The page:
A summary of african music

Here is some of the stuff you need to know for african music

if doing music GCSE would recommend music lifeline (Rhinegold) very useful!

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  • Created by: Em
  • Created on: 11-01-10 19:00
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Area of Study 4
African Music
In Sub-Saharan music plays a big part in traditional life.
Not normally written down, oral tradition.
Specialist musicians ­ master drummers.
Drums ­
o The bigger the drum the lower it is
o The tighter the skin the higher it is
o Djembe ­
Carved from a hollowed trunk
Covered with goat skin
Shaped like a large goblet
Played with bare hands
o Talking drums ­
Style of drum playing that imitates the rhythms
and intonations of speech
o Cross rhythms - Two conflicting rhythms are heard at the
same time
E.g. triplet quavers played at the same time as
straight quavers on another drum. ­ Polyrhythmic
o Time Line ­ short repeated rhythm, clapped or played by a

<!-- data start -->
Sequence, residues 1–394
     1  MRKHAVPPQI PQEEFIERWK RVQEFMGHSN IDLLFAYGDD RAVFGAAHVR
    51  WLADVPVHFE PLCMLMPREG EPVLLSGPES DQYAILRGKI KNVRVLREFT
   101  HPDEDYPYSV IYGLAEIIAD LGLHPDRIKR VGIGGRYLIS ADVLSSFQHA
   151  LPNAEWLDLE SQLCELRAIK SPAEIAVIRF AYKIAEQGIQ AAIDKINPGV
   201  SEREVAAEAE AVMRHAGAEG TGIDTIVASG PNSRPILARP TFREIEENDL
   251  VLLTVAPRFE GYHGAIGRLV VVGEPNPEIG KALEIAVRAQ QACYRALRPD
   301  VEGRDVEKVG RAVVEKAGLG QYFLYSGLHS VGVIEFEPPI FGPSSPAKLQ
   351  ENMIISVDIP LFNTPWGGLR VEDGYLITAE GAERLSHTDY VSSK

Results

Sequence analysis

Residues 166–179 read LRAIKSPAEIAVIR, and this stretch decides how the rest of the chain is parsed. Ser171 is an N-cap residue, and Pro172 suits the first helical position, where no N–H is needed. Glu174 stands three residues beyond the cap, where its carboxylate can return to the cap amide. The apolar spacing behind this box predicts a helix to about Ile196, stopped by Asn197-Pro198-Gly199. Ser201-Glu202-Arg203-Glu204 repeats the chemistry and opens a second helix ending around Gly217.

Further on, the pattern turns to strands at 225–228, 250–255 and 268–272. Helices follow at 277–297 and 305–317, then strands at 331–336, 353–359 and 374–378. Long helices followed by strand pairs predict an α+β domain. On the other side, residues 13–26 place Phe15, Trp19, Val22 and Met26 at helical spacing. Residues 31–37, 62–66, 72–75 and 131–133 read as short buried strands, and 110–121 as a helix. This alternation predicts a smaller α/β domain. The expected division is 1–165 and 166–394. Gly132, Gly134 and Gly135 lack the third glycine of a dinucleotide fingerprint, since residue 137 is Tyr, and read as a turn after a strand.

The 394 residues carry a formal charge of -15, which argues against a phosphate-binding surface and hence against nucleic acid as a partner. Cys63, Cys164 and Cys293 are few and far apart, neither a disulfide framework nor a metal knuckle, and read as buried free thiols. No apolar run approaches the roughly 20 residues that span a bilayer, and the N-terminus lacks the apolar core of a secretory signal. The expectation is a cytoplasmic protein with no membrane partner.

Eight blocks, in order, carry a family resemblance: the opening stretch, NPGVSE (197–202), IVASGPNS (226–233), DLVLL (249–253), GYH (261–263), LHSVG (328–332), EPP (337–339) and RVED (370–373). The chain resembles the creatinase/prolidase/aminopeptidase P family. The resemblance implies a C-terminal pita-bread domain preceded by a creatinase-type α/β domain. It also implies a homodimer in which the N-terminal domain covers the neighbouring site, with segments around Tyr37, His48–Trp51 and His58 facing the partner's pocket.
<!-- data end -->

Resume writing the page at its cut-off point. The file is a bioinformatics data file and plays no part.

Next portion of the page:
single/double bell.
o Master Drummer ­ has the most elaborate part and plays
solos ­ his role is to lead the drum ensemble (musical cues)
Other instruments ­
o Kora ­
Long- necked African harp
Used to accompany praise songs
Plays complicated, melodic music at speed.
o Xylophone ­
Bars made from logs or bamboo
Come with and without gourd resonators.
o Mbira ­
Thumb piano
Comes in different sizes
o Singing and songs ­
The pitch of the speaking voice helps to
determine the meaning of the words

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Area of Study 4
Ordinary speech tends to be melodious and
performers move easily between singing and
Split into verses or
call and response ­ leader sings a line and is
answered by the chorus
The chorus usually remains the same, and the solo
is improvised.
There is often overlapping between the lead
singer and the chorus.…read more


Samuel Richardson

This is a nice description of the rythms, and instruments used in traditional Sub-Saharan African music. See if you can hear each of these instruments in the music, and identify the different rhythmic devices explained in the notes. 

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